A new virus has been reported to be hitting online-users this week. Known as the ‘Peter Pan Virus’ users have been receiving an email detailing their bookings for a pantomime performance of Peter Pan at Bournemouth Pavillion this Christmas.
Now there is a performance of Peter Pan happening at Bournemouth Pavilion this year (and if you want some legitimate tickets you can find them here) but the event holders, BH Live, have issued a statement regarding this phishing issue as they have been absolutely over-run by worried users calling and emailing. BH Live have said that the emails did not come from BH Live or its network, and urged those who had received them not to open any attachments or click on any links.
Now this ‘Peter Pan Virus’ is a phishing email. Within the body of the text it wants you to open the e-ticket. Now opening this attachment opens up your computer to the potential downloading of viruses and malware. The most common malware being used is Cryptolocker. Now Cryptolocker’s general modus operandi is to lock victims outside of their computer, emails and social media until they pay a hefty ransom to the scammers.
So – in light of the virus sweeping the UK -we thought this would be a good time to remind our visitors of the basics of online email security. To start with a great way to avoid this particular scam is to think to yourself – Have I ordered tickets to see Peter Pan? If the answer to this question is no, then don’t open the email.
That might sound like an obvious statement but it a good place to start with online email security and safety.
- Don’t Open unsolicited, unexpected or unwarranted emails
- If you do open an unsolicited email be especially careful of attachments
- Don’t email personal or financial information, even if you are close to the person – you never know who might be looking at them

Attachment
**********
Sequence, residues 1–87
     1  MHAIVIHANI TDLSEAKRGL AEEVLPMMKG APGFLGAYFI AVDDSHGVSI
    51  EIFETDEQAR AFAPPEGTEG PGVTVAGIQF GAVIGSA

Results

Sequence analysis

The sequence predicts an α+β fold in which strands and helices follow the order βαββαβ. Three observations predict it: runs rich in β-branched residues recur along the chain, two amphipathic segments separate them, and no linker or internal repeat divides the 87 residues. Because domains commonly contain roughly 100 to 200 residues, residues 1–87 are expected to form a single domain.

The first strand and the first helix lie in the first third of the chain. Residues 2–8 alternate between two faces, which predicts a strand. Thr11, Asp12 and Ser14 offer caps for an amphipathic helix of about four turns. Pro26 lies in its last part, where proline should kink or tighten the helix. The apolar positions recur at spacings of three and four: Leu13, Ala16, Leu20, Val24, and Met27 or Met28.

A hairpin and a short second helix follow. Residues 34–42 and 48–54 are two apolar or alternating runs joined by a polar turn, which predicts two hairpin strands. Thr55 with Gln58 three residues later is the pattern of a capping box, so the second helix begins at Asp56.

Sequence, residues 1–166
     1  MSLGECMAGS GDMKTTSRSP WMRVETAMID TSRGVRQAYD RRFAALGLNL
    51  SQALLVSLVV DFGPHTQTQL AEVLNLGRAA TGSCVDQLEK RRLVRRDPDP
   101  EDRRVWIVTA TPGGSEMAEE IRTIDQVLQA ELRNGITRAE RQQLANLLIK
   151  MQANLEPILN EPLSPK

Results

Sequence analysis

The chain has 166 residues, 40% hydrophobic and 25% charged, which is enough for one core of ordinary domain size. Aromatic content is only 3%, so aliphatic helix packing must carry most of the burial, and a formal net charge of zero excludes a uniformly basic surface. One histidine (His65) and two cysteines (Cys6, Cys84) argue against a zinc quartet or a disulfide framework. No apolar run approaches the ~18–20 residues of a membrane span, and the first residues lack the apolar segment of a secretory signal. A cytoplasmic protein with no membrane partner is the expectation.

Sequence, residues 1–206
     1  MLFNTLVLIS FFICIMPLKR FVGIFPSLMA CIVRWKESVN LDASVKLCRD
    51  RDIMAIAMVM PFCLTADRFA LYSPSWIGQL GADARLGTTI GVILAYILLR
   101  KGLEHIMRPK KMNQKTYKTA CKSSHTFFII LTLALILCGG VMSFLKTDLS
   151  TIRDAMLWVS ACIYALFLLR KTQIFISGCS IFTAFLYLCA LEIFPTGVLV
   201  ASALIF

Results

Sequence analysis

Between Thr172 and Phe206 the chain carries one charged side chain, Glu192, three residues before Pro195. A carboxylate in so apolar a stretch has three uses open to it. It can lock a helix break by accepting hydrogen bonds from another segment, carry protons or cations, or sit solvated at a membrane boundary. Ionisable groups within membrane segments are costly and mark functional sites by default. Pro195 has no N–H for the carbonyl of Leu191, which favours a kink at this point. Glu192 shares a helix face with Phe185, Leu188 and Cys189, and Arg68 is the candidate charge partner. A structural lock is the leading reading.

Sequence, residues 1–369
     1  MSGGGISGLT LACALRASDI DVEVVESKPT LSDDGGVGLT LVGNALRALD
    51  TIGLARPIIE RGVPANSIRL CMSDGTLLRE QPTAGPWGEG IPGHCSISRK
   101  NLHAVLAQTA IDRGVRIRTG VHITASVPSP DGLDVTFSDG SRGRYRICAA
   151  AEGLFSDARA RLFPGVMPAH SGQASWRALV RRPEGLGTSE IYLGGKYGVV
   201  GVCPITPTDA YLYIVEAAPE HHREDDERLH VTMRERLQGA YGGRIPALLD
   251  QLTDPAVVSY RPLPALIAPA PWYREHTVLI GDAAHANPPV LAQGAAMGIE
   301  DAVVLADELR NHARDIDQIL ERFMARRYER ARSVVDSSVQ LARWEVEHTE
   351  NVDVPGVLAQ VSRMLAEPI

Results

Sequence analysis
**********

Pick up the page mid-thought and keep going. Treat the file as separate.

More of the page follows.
- Beware of any link which asks for personal information, especially if it comes from within an email. It doesn’t matter if the email looks as though it comes from someone within a company you use regularly. Always ring and double check that you are dealing with the correct person
- Only use secure websites to send or add personal information. If a website URL begins https: then that ‘s’ means that page is using a secure server which provides you with some level of protection. Also look out for the padlock image in the URL bar which also denotes a secure page
- Beware of Pop-Ups – no legitimate company will ever, ever ask you to supply personal information in a pop-up
- Keep your security software updated
- Always check your bank statements and investigate any payments which you don’t remember making
So watch out for online email security threats, but if you follow our 8 rules to avoid phishing you should be well on your way to email security.
If you’ve been receiving a higher level of spam and unsolicited emails than usual you may well have a problem, update your security software or call an IT expert.
If there is anything we at Web Adept can help with then don’t fail to contact us.